It has been two decades since a wave of startups first promised that e-commerce would revolutionize how we buy cars. For proof, one must only dust off a VHS tape of the 1997 Super Bowl, when Autobytel became the first dot-com startup to buy an advertising slot during America's most-watched TV broadcast.
Autobytel's cartoon commercial, which has been repeatedly added to lists of the worst Super Bowl spots of all time, even boasted a voice-over from Leonard Nimoy, best known for playing the hyperrational starship officer Mr. Spock on "Star Trek."
"From the beginning of time, people wondered," Nimoy intoned. "Why does car-buying have to be such a pain?" He suggested that Autobytel would cure that pain by making it possible to buy, lease, finance and insure a car online.
In the frothy early days of the Internet, investors were throwing money at anything with dot-com in the name. Cars, as the second-biggest purchase for most Americans after a home, proved an irresistible target.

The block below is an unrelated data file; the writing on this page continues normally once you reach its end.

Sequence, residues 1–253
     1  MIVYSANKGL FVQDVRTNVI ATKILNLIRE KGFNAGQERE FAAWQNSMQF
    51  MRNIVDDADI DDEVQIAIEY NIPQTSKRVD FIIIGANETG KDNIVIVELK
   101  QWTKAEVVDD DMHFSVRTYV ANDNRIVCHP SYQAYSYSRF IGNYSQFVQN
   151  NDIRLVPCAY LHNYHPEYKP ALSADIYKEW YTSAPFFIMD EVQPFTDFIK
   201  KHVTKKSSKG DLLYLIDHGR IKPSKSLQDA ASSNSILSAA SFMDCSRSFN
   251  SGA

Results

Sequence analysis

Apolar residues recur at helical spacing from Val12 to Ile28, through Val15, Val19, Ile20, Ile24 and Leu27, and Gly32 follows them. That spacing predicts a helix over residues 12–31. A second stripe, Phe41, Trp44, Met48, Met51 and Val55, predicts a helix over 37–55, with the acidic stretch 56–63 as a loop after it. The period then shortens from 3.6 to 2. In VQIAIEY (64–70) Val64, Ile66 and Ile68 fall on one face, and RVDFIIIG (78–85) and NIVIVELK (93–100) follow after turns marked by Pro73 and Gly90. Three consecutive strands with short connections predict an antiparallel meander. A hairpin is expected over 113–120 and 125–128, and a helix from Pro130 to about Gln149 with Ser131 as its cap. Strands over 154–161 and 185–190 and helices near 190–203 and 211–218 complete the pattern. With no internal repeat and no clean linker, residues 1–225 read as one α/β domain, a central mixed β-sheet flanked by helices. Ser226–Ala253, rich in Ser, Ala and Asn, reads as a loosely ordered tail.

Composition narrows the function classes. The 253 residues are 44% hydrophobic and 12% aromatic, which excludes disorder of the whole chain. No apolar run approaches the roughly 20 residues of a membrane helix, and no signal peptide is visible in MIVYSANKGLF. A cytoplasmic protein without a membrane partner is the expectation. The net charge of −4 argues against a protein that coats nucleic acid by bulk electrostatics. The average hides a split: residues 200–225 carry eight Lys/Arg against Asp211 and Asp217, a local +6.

"Internet companies don't have to prove themselves," Sheldon Sandler, founder of the New Jersey-based auto-retail consultancy Bel Air Partners, told Automotive News in 1999. "All you have to do is put a "dot com' in your prospectus and you're a success," Sandler added, warning of the shakeout that would arrive the following year.
Autobytel, founded in 1994, had started out on Prodigy, a long-defunct online service, moving to the burgeoning World Wide Web in 1995. Over the next two years, it drew $24 million in capital and handled 575,000 requests to buy cars, Advertising Age, a sibling of Automotive News, reported at the time. It signed up 2,000 dealers, who paid $2,500 to $4,000 upfront, plus $2,500 annually and $500 to $2,000 per month.
There were many similar startups: CarsDirect.com, CarPoint.com, DealerNet.com. Most of them went out of business, but some, including Autobytel and CarsDirect, survived by scrapping their e-commerce dreams and building car-shopping websites. They still exist today, making money primarily by selling leads to dealerships.
A new breed of e-commerce startups, including Roadster, is now trying to ease the pains that Autobytel promised during its Super Bowl advertisement to cure. Only time will tell whether they live long and prosper, as Mr. Spock would have wanted.